Has Crude Oil Bottomed Out? Maybe.

Today, I am going to take an in-depth look into the world of crude oil. The question on most traders' minds is, has this market finally bottomed out?

As you can see on the chart, crude oil prices have been had been steadily moving higher for the most part of this year, until they peaked in September. We see (1) a strong supporting trend line which hit three places on the chart, making it a valid trend line of some importance. This trend line was dramatically broken in October and since then, the price of crude oil has fallen from over $100 a barrel to around the $94 a barrel level. Two events indicated this could happen, the (2) double top and divergence on the chart and (3) the divergence on the RSI indicator.

1) Trend line and trend line break
2) Double top and divergence
3) RSI divergence
4) Move below 50 line
5) Bullish divergence
6) Fibonacci retracement

The move accelerated (4) when the RSI moved below the 50 line, which then became a resistance zone to any further rallies in crude oil. It wasn't until we reached (5) that the crude oil market potentially created a bullish divergence. The importance of this divergence (6) cannot be overlooked as it came from a 61.8% Fibonacci retracement support zone, which was measured from the lows in April to the highs seen in September.

As we move forward, I think many traders will be watching this market closely for a rebound back to the $100 level. Presently all of our Trade Triangles (not illustrated on this chart) are negative, indicating that the trend remains to the downside at this time.

What do you think of this chart and this market? Please feel free to share your views below.

Every success,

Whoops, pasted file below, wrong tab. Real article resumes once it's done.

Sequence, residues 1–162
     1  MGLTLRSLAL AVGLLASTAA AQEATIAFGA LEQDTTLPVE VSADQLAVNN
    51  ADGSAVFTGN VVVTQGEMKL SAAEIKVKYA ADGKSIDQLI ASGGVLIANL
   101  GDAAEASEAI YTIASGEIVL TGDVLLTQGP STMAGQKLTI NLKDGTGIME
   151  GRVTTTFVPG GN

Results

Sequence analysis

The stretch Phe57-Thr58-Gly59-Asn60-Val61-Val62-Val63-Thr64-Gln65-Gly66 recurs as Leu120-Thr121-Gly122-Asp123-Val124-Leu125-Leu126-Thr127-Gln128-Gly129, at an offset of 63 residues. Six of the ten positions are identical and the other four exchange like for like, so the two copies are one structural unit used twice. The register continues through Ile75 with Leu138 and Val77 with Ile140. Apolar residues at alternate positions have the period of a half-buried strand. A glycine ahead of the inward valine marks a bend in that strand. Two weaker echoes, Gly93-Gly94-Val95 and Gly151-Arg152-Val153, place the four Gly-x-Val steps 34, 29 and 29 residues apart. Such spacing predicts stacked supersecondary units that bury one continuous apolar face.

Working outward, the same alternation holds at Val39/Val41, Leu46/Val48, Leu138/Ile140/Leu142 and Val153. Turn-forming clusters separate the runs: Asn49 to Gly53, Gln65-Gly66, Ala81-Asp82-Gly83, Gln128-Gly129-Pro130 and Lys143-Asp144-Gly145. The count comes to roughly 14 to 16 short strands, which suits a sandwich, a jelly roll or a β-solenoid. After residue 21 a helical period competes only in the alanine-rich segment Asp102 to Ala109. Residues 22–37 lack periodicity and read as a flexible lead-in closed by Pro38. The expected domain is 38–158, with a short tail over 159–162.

Adam Hewison
President, INO.com
Co-Creator, MarketClub

9 thoughts on “Has Crude Oil Bottomed Out? Maybe.

  1. Finally someone looks at the charts in a simple fashion. I've found that when an RSI divergence is in place its an extremely good indication of a reversal of the entity being charted. Of course in this highly manipulated world anything could happen but I agree with Adam that a bottom looks to be in place. Interestingly enough other commodities generally look to be at a bottom.

  2. I am going to have to agree with Anonymole, I am picking 89.75 for bottom for January crude. The downward trend is in place and all Indicators which I follow are Bearish in my opinion. Once crude breaks through 90 I would be long, as the Saudis are not going to be happy campers below this price.

  3. I guess I don't understand the Triangle System. Here we have crude oil with red monthly and weekly triangles, yet we are being put on alert to buy it. I thought we would be buying with the trend, not trying to "catch the falling knife" trying to guess when something will bottom out. What am I missing?

    1. Tom,

      Thanks for contributing to the conversation, much appreciated. Maybe, I was not clear enough, but I thought when I wrote "Presently all of our Trade Triangles (not illustrated on this chart) are negative, indicating that the trend remains to the downside at this time." that would tell all everyone that the trend is bearish for crude oil based on our Trade Triangle technology.

      Our Trade Triangle technology is a very successful trend following tool and like many trend following tools it waits for a trend to become established before signaling a trend change.

      Every trend changes eventually and crude oil is no different. The point of the post was to illustrate some technical aspects of the market that may be signaling a bounce for this market.

      Thanks for the question, I hope my answer worked for you.

      Every success,

      Adam Hewison
      President, INO.com
      Co-Founder of MarketClub.com

  4. You see the same technical movement in Uranerz Energy (URZ). Could a possitive move in oil say something about a positive move in Uranium or is it the other way around.. Cameco did already react some days ago and could perhaps be seen as a leading indicator for oil...?? or only in the uranium sector....

    1. Uranium may be turning around as Japan is finally realizing that it's devastating reliance on fossil fuel imports is severely impacting its economic turn around. And the fact that their goal of greenhouse gas reduction will fail to be met due to this same trend in crude oil and nat.gas dependency.

  5. A temporary lull in the descent of crude surely looks to be in place. But the commercial sellers are still in control:

    [see "CL" at the bottom of the list on the left. This file takes a number of seconds to load.]

    which to me means that crude is still over priced and must drop below 90 before it lifts above 100 again.

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